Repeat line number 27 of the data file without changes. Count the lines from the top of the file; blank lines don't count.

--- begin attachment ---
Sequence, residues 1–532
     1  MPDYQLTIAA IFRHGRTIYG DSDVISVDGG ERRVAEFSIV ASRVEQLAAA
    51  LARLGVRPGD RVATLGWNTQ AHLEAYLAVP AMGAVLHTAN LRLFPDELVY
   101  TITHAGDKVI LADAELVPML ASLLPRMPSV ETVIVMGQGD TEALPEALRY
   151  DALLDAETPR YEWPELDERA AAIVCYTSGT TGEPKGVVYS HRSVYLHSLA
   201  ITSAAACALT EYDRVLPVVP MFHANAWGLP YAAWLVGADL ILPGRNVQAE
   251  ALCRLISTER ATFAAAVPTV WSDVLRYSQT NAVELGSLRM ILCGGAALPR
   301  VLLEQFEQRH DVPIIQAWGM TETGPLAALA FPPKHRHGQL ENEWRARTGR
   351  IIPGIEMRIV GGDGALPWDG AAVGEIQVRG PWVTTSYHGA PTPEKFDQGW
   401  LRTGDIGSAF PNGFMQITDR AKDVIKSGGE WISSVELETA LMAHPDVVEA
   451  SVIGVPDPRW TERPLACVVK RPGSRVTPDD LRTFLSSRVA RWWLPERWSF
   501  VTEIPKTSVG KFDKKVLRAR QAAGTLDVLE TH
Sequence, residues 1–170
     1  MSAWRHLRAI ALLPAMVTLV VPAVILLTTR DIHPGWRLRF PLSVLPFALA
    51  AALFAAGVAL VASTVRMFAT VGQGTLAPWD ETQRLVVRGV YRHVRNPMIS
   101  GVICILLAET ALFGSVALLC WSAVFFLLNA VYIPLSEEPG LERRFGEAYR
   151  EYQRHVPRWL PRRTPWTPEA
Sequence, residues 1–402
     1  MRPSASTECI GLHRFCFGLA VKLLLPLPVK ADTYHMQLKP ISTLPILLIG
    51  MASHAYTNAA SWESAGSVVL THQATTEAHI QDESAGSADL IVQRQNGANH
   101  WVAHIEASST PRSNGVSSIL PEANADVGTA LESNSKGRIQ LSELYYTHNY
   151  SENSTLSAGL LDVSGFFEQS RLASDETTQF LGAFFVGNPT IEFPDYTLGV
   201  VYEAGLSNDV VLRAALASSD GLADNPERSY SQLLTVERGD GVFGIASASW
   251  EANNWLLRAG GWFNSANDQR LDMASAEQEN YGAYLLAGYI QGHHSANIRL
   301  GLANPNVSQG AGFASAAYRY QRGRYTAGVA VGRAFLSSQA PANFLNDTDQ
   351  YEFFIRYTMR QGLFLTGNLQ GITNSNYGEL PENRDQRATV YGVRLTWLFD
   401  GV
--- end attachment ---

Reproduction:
   401  GV